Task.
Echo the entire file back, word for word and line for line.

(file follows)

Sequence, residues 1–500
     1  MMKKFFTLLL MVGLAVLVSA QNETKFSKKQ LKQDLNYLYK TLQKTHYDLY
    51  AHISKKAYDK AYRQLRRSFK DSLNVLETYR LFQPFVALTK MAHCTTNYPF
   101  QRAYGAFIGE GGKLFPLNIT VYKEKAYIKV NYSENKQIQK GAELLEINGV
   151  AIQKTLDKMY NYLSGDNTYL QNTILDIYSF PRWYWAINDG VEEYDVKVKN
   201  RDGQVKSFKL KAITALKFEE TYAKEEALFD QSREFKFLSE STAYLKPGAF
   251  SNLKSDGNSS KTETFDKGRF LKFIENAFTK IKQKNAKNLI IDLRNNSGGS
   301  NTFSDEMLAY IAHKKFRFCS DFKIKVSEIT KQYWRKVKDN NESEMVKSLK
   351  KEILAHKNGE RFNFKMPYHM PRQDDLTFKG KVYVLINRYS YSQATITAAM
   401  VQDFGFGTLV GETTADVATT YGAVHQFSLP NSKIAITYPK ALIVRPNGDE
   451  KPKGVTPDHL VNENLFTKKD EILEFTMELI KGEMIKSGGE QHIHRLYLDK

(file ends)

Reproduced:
Sequence, residues 1–500
     1  MMKKFFTLLL MVGLAVLVSA QNETKFSKKQ LKQDLNYLYK TLQKTHYDLY
    51  AHISKKAYDK AYRQLRRSFK DSLNVLETYR LFQPFVALTK MAHCTTNYPF
   101  QRAYGAFIGE GGKLFPLNIT VYKEKAYIKV NYSENKQIQK GAELLEINGV
   151  AIQKTLDKMY NYLSGDNTYL QNTILDIYSF PRWYWAINDG VEEYDVKVKN
   201  RDGQVKSFKL KAITALKFEE TYAKEEALFD QSREFKFLSE STAYLKPGAF
   251  SNLKSDGNSS KTETFDKGRF LKFIENAFTK IKQKNAKNLI IDLRNNSGGS
   301  NTFSDEMLAY IAHKKFRFCS DFKIKVSEIT KQYWRKVKDN NESEMVKSLK
   351  KEILAHKNGE RFNFKMPYHM PRQDDLTFKG KVYVLINRYS YSQATITAAM
   401  VQDFGFGTLV GETTADVATT YGAVHQFSLP NSKIAITYPK ALIVRPNGDE
   451  KPKGVTPDHL VNENLFTKKD EILEFTMELI KGEMIKSGGE QHIHRLYLDK